The former Wall Street executive says if he becomes Mayor, he will bring in retired educators to get his plan done. He would “launch a Catch-Up Volunteer Corps, recruiting retired teachers to serve as tutors, coaches, and teaching assistants.” McGuire believes many retired educators would be interested in finding ways to help kids overcome the learning loss crisis.
The McGuire Plan comes on the heels of the United Federation of Teachers (UFT) five-point plan that includes extended summer learning programs to deal with the effects of the pandemic on public school students. Unlike McGuire’s full-time, extensive Summer plan, the Union’s plan focuses on remediation and in-person learning. The Teachers Union which has been critical of the City’s handling of schools in the pandemic, calls on the city and the state to adopt their plan and earmark more than $1 billion to address the psychological effects and academic learning losses in New York City.
McGuire’s plan comes when Meisha Ross Porter who takes over as Chancellor also seeks to expand Summer School.
After being locked down for over a year and stuck with learning devices, the McGuire Catch-Up plan is received with mixed reactions among parents, students and teachers. Ngueseh Wapime, a senior at Benjamin Banneker Academy in Brooklyn says he doesn’t like the idea. “Summer is the time I am supposed to be having a break from school and stressful assignments and you are taking that away. If the idea is implemented, that means I will be in school for 21 straight months without a long break.” “The pandemic has already made things worse and kept me inside all this time.” said Ngues,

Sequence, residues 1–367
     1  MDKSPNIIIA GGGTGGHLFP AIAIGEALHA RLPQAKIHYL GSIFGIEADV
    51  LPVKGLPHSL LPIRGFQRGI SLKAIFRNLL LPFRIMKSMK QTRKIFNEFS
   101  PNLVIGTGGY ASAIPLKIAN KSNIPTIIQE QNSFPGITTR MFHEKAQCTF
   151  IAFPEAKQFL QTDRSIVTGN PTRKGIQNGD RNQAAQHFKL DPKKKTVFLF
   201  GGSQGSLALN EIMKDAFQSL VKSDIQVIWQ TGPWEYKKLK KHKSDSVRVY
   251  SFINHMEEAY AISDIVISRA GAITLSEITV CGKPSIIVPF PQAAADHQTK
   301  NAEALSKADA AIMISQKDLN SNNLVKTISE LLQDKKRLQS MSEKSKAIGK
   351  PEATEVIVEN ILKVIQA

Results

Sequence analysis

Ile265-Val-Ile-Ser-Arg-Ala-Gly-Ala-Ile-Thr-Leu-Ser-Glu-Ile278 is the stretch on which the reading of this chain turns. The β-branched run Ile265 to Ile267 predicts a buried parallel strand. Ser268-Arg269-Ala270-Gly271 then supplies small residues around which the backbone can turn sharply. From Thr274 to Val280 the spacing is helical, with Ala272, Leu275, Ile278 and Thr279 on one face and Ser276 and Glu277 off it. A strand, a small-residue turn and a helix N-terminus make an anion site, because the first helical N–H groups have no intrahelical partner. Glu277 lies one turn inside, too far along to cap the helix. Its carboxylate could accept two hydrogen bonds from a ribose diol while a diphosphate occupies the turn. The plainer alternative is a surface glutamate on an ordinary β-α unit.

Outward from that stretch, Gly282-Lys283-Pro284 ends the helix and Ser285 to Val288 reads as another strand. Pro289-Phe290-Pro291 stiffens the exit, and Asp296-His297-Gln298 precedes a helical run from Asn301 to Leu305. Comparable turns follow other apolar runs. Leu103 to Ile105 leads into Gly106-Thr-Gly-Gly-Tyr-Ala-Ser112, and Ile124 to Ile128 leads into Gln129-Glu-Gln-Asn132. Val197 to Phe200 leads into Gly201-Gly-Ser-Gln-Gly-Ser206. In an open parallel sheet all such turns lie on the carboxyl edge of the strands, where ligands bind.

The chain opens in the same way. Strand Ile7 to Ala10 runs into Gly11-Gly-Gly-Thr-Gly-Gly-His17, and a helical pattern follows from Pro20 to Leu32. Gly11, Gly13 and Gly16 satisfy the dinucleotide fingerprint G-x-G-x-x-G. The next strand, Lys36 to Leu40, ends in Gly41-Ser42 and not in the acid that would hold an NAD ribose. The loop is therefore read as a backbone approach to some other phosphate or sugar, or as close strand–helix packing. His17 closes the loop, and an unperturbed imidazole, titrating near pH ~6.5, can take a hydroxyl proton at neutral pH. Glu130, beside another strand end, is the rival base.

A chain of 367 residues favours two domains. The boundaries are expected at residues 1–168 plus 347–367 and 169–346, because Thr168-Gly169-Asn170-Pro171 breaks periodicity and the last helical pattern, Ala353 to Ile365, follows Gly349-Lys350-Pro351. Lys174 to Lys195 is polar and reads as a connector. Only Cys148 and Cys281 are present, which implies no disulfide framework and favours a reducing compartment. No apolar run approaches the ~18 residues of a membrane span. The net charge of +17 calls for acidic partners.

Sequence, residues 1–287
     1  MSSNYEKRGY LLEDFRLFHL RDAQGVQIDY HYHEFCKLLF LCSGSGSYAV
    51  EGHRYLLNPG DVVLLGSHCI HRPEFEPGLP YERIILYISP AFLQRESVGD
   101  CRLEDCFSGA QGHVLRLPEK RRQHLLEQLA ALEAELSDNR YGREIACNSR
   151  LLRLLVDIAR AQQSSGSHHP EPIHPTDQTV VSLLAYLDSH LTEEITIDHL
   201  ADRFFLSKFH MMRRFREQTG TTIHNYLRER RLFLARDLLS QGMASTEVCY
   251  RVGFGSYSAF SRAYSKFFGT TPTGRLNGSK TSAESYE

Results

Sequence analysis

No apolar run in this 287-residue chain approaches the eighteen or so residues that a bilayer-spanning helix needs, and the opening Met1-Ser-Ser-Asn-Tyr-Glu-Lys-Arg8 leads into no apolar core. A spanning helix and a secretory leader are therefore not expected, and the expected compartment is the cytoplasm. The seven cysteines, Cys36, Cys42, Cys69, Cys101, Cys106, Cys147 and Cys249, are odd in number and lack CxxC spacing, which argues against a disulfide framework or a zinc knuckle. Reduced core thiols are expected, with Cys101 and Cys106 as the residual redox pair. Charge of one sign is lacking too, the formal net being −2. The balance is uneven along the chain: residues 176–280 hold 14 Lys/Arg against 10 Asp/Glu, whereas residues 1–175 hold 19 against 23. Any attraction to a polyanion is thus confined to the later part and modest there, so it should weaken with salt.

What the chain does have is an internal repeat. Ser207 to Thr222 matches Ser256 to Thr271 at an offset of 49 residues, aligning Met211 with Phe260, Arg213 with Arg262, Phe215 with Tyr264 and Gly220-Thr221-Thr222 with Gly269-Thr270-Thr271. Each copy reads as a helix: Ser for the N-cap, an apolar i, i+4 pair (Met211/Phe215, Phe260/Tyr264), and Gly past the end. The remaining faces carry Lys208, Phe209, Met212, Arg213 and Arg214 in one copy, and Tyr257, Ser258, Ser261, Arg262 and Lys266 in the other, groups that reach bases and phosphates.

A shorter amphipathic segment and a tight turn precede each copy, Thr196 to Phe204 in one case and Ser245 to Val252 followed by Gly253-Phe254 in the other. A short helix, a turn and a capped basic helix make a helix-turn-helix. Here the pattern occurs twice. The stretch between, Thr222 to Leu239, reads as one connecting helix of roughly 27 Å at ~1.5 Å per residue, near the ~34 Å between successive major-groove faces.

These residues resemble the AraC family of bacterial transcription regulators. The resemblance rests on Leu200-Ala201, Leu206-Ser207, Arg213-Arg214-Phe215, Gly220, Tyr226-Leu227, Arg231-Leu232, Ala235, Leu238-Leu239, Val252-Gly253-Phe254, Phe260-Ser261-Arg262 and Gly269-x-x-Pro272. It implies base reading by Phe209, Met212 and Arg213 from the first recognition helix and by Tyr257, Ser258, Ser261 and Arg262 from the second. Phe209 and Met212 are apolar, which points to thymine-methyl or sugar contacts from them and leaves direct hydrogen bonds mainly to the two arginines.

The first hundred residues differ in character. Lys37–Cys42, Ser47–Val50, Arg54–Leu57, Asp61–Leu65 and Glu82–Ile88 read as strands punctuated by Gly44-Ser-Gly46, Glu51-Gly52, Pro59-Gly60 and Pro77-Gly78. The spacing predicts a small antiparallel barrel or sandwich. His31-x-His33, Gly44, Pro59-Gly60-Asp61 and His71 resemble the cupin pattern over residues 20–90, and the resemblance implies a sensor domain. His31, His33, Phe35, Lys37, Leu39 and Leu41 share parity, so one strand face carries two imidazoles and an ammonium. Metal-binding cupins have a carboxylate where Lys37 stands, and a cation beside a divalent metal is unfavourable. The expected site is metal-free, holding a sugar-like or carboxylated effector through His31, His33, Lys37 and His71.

“Ew! No! Summer is supposed to be a time that you go outside and relax. Having full-time Summer just defeats the purpose. Doing school all year round is boring” said Afeseh W., a Freshman at Brooklyn Technical High School.
Meanwhile, the reaction among parents is mixed. Amiecia Benjamin, a parent of two elementary students in East New York says it will be a good plan if students get some summer break as well. “I will be all in because my kids need a lot of help, but don’t take away all of the Summer.”
As for Bronx parent, Modou Nyang, it’s a no. “I don’t want it. I want a break. What was lost, was lost. School starts immediately after that in September and the kids need a break before then.” Nyang says having a break is much more important for the kids.
However, teachers seem open to the plan if they will be compensated for the full-time teaching. “It all depends on what the Union says about it. As long as there are funds, I’ll be willing to do it. And also, if there’ll be a break too,” says Sarah Walsh, a teacher at Benjamin Banneker Academy.
I reached out to the UFT to get their thoughts on the McGuire Catch-Up Plan and they responded in an email saying “The UFT has called for federal COVID funds to finance an aggressive summer program to address academic and social-emotion loss.” The email adds that the UFT is in the process of vetting mayoral candidates with a goal of making an endorsement in April and that part of that internal vetting includes a review of all candidates’ education platforms.